LiveWell Northwest Colorado: GO dinners for those on the go
January 4, 2015
It has been a perfectly good day and then someone asks the dreaded question, "What's for dinner?” You want to serve a healthy evening meal, but you are tired, hungry and already anticipating post-dinner activities (e.g., sports, homework).
In addition to deciding what to have for dinner, you have to figure out when to have it. We know that dinner time is a critical time for family members to connect, and when families dine together, they tend to eat healthier (e.g., more vegetables and fruits, fewer high fat items) and drink fewer sugar sweetened beverages (e.g., soda).
In past articles, I have shared that breakfast is the most important meal of the day and lunch is the second. That leaves the evening meal as the least important meal of the day. Yet research shows that on average adults eat 40 to 50 percent of their daily calories and fat at dinner.
Planning is the key to creating healthy meals with the added bonuses of saving you time and money. Here are a few easy planning tips:
• Use a slow cooker. Load it up the night before or in the morning before leaving for the day and come home to a delicious, nutritious meal.
• Find a website or cookbook that provides menus and suggestions for weekly meal planning. Examples: Eating Well lists "A week of 5-ingredient dinners for less than $50." Thekitchn.com offers "Sunday Cooking: 10 meals that will last the entire week.” Cooking Light offers 20 superfast healthy dinner recipes.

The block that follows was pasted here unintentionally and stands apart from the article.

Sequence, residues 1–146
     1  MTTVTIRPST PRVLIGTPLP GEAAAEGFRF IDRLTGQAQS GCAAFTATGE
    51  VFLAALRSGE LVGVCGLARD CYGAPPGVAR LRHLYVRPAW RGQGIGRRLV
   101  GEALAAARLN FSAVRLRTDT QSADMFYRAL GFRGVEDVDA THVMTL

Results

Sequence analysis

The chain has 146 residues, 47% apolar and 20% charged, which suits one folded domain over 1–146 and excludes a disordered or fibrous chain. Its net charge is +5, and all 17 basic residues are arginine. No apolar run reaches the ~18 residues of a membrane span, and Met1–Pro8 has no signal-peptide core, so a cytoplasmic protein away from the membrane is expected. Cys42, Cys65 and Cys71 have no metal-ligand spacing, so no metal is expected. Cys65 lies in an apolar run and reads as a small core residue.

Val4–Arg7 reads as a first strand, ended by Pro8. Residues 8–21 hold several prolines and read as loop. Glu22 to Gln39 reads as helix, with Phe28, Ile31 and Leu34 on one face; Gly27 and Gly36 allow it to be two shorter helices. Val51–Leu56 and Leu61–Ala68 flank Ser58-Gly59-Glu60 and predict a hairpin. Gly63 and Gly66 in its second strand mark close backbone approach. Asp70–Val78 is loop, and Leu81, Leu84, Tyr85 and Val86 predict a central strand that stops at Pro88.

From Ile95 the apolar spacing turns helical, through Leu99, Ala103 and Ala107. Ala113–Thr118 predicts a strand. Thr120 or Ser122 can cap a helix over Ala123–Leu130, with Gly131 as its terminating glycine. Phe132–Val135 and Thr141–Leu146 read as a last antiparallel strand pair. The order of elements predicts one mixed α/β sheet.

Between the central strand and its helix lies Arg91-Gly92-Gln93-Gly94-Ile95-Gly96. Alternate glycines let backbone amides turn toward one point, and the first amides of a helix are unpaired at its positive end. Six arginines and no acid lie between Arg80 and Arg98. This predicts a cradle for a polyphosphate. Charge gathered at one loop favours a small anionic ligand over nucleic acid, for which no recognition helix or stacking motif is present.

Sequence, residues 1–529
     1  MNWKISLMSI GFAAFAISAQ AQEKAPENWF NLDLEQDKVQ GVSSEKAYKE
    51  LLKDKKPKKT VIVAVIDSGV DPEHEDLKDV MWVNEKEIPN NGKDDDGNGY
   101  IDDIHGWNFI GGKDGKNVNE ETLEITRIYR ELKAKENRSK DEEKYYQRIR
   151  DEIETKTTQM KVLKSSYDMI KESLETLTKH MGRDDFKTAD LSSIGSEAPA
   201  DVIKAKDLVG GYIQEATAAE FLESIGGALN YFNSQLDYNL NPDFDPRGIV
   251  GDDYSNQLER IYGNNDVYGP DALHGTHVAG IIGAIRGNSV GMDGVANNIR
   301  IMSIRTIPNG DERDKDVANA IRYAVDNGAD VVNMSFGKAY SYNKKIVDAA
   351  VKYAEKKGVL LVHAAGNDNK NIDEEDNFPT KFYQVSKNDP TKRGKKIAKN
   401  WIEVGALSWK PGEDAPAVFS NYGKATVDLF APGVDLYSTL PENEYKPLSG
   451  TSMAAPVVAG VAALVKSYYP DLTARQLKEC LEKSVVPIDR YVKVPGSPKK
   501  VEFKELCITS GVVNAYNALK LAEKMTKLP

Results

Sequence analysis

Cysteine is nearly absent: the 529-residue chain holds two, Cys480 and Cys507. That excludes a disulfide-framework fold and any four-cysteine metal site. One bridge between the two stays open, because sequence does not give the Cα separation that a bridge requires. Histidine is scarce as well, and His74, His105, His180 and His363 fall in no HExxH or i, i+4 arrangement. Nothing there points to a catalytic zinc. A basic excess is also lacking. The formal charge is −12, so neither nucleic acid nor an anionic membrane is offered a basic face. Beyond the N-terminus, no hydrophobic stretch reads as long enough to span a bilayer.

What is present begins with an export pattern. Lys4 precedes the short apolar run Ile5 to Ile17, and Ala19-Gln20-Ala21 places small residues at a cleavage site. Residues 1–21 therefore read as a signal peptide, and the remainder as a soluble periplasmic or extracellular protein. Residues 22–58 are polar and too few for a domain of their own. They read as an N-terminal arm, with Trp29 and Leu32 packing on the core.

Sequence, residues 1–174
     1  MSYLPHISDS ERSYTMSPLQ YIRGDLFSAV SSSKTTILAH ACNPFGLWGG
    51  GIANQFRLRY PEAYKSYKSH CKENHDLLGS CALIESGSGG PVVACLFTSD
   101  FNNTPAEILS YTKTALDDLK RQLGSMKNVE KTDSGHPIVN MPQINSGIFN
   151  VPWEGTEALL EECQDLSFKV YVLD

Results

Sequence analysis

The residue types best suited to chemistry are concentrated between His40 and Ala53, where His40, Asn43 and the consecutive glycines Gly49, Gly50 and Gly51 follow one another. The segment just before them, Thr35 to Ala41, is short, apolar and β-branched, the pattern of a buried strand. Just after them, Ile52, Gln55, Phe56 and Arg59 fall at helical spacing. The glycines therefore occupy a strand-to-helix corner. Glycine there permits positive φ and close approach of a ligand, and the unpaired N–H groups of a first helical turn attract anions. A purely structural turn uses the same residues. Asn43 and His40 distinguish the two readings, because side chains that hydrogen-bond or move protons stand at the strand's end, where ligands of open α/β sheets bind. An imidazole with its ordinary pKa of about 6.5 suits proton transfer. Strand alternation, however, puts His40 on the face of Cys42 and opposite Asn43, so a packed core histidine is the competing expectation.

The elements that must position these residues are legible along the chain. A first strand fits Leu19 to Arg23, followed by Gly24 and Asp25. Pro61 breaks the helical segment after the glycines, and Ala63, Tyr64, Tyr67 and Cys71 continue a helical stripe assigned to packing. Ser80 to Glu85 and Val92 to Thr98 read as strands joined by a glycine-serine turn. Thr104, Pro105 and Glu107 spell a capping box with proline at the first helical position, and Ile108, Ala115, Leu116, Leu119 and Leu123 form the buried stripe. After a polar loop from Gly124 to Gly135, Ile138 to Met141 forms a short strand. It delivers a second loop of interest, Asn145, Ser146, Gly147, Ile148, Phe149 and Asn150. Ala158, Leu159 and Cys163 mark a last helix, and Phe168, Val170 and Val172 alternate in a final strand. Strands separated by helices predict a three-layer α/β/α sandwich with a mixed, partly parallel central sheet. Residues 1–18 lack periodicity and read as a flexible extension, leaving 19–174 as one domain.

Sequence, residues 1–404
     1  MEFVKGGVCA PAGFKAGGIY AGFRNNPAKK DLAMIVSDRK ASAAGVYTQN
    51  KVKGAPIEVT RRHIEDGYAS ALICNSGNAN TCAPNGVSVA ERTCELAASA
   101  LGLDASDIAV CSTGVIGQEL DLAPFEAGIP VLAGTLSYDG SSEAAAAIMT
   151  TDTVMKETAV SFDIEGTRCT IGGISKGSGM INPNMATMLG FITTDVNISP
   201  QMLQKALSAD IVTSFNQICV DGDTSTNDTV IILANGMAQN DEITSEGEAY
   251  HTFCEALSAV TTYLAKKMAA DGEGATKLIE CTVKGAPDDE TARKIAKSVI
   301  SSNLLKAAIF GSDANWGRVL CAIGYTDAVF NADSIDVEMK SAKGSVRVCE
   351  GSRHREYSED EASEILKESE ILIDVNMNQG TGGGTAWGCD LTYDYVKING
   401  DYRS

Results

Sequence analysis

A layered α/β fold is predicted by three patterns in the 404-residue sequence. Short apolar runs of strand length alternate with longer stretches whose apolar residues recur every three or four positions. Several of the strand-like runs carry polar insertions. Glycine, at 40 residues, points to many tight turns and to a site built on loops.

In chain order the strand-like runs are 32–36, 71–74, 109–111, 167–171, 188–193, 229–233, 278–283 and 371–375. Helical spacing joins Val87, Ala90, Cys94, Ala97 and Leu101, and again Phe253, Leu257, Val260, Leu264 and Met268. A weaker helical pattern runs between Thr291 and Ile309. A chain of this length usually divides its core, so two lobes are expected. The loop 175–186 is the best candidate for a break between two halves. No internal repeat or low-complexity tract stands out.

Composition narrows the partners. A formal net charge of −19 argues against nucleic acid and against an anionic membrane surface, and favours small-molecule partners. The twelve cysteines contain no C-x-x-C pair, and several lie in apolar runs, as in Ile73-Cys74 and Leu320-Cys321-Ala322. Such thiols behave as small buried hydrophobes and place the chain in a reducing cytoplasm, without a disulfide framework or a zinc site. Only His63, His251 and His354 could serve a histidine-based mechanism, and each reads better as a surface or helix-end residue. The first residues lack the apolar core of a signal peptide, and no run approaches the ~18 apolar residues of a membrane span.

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• Have ingredients on hand. Create a weekly grocery list and shop only from your list. Hint: Grocery stores tend to be less crowded in the early morning or later evening.
• Take 30 minutes on a day off and make the basic preparations for a week of meals.
• Prepare and post a list of your 20 favorite meals to refer to on those days when you can't think of anything but the same old, same old.
• Mix and match using the same basic ingredients. A "health bowl" is a mix of a grain (quinoa, brown rice, faro or barley), green (romaine, arugula, spinach, mache, radicchio, kale, swiss chard or purple cabbage), vegetables/fruits, lean protein (chicken, canned or grilled fish, lean meat) and a light dressing. For more variety, add beans (chick peas, black beans, kidney beans), low fat cheese (feta, goat, ricotta, Parmesan), nuts or seeds. Check out the "health bowl" recipe in the Yampa Valley Health section.
With a little planning during the week, you can confidently answer the "What's for dinner?" question. As to the when, you are on your own figuring out how to get everyone to the dinner table at the same time.
Barb Parnell is the community coordinator for LiveWell Northwest Colorado.